What is the Lotus Evora?
The most expensive model in the three-strong Lotus range, the V6 Evora is a British alternative to the Porsche Cayman, with the difference that it can — just — seat four. More conventional alternatives would be the BMW M3 and the more expensive Porsche 911.
Though it excels in handling, steering and ride quality — Lotus specialities — the Evora led a slightly troubled early life, the first examples having been criticised for a lack of attention to detail and a less than co-operative gearchange. Which is why Lotus has recently introduced a revised Evora featuring no fewer than 143 small but important improvements that have buffed away many of the rough edges. But the troubled start, ambitious prices and question marks over the future of its maker — not to mention slow sales — have coloured the Evora’s reputation somewhat, despite its arresting style, which is a shame because it’s now a mighty impressive car.
If you love driving and the sensory thrills of sports cars, the Evora must be on your shortlist, whether fantasy or real. It’s the physical feedback it gives that makes it so special, together with direction-changing qualities worthy of a prima ballerina. On the right road — that is, a twisting, empty one — very few cars of any price bracket are as much fun.
The Evora’s low weight allows the Toyota V6 to deliver performance somewhere between rapid and scintillating, depending on whether you choose the standard 276bhp version or the supercharged 345bhp S. You can also select your Evora with four seats or two, but the extra pair are as confining as rush hour on the Underground. So we’d go for the lower-powered two-seater, which goes almost as hard as the S but is not so close in price to the highly accomplished Porsche 911.
That also makes it a little easier to accept a remaining flaw, which is a gearchange that does not quite keep up with the alacrity of the car itself, despite Lotus’s recent efforts to improve it.
The Evora’s agility does not come at the expense of a jolting ride, and the suppleness of its progress is both a surprise and a comfort. Even more surprising, given the Lotus history of building cars for a full-on experience, is that the Evora makes a good long-distance machine. The V6 is a refined cruiser and road noise — the bane of both its Porsche competitors — has been successfully quelled. Those small but important improvements have produced a cabin that is now better finished and more inviting, although this remains a slightly challenging car to get into, and its instruments are still a little difficult to read.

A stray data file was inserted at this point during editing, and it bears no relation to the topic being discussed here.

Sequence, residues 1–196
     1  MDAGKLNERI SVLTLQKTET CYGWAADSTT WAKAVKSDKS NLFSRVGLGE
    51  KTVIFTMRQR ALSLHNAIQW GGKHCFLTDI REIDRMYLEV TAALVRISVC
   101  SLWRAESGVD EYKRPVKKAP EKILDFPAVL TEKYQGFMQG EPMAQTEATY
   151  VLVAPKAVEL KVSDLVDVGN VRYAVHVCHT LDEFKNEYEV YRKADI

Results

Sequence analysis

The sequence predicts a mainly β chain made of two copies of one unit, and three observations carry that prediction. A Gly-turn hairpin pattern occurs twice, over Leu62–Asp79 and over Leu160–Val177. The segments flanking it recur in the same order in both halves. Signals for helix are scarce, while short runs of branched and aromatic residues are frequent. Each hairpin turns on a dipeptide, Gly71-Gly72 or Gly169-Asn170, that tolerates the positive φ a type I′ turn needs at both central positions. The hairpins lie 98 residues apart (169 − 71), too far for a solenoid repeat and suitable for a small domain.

A long, hard and fast drive is more than enough to have these small irritations melting away, for the Evora is one of the most entertaining driver’s cars out there. And if it’s not the most practical beast you buy for north of £50,000, it’s certainly the most usable car Lotus has produced yet, and entirely usable as daily transport, whether long-haul or short.
What to look out for
Evora owners are, on the face of it, a pretty enthusiastic bunch, and even those who have suffered problems with their cars still seem in love. Early examples had some flaws, from wind noise to dashboard rattles, but build quality has improved. Look out for clutch problems, which will be fixed under warranty, and engine hesitancy at low revs. Both are recognised as occasional issues and should be cured easily by a Lotus dealer.
The One to Buy
Lotus Evora 3.5-litre V6
- £52,500 (correct at time of first publication)
- 3456cc, V6
- 276bhp @ 6400rpm
- 258 lb ft @ 4700rpm
- 6-speed manual
- 0-62mph in 5.1sec
- Top Speed:
- 31.4mpg (combined)
- Road Tax Band:
- L 4342mm, W 1848 mm, H 1223mm